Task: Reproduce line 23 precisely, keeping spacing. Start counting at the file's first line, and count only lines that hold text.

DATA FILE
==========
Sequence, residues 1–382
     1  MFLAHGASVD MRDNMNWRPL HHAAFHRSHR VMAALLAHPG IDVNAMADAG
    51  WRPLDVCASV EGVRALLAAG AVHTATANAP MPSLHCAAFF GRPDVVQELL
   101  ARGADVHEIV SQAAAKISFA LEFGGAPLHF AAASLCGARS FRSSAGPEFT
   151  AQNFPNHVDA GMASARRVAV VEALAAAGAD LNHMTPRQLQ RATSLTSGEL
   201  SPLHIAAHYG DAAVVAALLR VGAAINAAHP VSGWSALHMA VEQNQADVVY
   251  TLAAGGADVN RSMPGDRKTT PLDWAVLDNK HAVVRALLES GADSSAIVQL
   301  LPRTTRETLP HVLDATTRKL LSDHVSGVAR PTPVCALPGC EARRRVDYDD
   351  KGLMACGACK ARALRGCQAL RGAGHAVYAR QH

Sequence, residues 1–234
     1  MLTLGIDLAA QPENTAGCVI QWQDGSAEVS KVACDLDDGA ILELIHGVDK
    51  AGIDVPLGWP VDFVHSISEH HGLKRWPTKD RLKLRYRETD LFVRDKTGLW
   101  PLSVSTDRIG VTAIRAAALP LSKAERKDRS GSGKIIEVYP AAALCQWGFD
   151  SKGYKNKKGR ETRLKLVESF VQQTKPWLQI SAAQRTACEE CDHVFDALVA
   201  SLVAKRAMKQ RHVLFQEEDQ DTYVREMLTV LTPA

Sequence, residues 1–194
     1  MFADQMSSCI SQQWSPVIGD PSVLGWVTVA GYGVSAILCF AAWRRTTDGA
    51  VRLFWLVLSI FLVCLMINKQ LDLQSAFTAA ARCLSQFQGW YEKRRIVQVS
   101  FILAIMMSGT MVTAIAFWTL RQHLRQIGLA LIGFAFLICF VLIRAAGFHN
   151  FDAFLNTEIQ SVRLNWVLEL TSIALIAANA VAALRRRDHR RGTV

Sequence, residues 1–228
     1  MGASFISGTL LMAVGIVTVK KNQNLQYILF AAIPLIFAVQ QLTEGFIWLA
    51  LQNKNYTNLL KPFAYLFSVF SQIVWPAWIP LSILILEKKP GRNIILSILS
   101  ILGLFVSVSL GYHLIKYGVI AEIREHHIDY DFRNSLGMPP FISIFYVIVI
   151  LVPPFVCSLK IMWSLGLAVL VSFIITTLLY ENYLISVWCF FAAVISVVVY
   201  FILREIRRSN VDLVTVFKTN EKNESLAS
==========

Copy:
    51  LQNKNYTNLL KPFAYLFSVF SQIVWPAWIP LSILILEKKP GRNIILSILS